Watch Dogs has seen huge sales. So has Destiny, even if Activision refuses to reveal the exact number (which probably doesn’t mean good things, but we’ll just wait for now). So has Titanfall, since EA has apparently greenlit a sequel. Plus, people will probably still line up for the next CoD, or the next AssCreed, or whatever -- if they haven’t already -- for the chance to play the latest and “greatest”. But here’s the thing: more sales means more exposure -- of a product, as well as its faults. The number of people that know The Wonderful 101 is bad at explaining some of its mechanics is a smaller sample size than the number of people that know you can fall through the ground in AC: Unity. And with the internet still alive and well, that sample size -- and the negative press that follows -- travels pretty freakin’ fast.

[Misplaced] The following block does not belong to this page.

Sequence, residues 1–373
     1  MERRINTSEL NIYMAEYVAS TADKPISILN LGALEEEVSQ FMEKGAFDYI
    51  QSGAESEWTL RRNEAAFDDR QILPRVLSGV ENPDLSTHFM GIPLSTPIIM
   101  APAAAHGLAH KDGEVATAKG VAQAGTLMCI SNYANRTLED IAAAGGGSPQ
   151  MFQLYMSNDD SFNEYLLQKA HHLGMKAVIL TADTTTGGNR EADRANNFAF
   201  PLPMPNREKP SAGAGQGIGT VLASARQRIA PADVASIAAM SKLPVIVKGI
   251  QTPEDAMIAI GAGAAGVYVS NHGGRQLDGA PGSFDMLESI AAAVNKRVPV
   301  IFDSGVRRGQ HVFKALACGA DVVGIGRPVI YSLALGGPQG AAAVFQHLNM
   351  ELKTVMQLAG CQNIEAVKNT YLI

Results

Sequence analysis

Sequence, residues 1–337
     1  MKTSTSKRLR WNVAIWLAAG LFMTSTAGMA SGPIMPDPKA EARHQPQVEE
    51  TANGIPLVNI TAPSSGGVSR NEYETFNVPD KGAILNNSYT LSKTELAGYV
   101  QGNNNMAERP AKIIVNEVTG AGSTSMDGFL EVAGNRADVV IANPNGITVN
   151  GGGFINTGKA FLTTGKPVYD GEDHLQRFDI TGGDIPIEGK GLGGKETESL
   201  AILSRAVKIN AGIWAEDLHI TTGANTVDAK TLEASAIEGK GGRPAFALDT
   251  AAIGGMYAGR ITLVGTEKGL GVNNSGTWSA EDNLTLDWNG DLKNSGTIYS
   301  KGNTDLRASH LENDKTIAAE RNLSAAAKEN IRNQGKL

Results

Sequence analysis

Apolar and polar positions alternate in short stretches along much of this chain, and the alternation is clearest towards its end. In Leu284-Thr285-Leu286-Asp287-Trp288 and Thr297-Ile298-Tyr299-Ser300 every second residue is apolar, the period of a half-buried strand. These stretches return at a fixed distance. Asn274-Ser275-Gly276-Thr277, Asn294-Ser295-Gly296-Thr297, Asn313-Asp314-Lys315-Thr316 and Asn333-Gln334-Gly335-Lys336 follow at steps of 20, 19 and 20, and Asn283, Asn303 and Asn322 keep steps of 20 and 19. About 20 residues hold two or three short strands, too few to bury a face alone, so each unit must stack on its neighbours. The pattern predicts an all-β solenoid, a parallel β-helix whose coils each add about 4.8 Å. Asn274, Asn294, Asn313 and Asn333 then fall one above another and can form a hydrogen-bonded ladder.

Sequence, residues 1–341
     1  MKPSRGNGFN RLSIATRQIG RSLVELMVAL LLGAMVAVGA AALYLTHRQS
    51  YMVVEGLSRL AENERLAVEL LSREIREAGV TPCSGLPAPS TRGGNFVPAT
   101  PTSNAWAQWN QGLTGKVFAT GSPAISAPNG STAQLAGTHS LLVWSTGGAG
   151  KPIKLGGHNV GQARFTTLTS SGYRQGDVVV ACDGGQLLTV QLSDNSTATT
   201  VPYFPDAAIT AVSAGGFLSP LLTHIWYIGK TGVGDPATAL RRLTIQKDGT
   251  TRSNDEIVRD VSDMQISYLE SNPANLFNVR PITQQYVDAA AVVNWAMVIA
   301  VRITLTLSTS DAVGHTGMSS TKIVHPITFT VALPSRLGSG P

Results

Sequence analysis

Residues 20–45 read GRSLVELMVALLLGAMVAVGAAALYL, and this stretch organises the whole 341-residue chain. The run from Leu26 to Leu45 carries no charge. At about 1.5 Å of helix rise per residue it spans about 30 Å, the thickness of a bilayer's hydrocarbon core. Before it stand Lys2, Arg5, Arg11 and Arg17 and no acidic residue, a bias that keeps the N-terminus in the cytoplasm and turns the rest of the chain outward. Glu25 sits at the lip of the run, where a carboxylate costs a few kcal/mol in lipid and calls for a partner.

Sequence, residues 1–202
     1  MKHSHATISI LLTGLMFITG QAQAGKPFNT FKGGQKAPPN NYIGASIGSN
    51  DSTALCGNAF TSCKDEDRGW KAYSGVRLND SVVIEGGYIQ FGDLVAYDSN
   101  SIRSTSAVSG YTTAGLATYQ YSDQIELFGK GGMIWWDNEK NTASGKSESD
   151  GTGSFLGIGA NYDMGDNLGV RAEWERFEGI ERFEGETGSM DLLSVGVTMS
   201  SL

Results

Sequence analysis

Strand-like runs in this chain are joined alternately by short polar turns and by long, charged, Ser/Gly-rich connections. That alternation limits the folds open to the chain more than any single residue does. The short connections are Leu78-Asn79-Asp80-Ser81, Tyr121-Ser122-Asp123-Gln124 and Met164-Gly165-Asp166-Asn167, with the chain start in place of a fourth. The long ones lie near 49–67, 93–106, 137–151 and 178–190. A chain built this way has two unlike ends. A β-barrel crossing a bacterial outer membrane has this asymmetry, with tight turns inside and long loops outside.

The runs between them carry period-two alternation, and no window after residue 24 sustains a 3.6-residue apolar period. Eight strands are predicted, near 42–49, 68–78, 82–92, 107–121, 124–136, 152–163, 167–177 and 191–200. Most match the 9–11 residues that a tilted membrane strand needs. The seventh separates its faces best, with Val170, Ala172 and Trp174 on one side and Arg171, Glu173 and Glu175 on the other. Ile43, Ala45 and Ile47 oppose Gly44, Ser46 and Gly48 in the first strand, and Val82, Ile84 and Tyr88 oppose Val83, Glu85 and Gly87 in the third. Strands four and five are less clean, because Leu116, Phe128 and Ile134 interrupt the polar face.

We’re in the eighth generation of video games now. What worked in the past isn’t enough anymore -- or at the very least, it won’t be soon. Likewise, at this stage we expect more from our games. Even the stuff released in the last few years -- Skyrim, for example -- has shown us what games can be, so the expectation is that the new stuff can reach that level fairly easily. Barring all that, I don’t think it’s too much to ask for a game to at least be competent, especially if it’s from a company with enough money to buy New Hampshire. But we haven’t gotten that recently. We’ve had to talk about how The Evil Within isn’t scary, or Far Cry 4 is just Far Cry 3 with a worse story, or how DriveClub doesn’t do what it’s supposed to. We can’t talk about the good stuff in games, because we have to talk about the bad stuff. Constantly.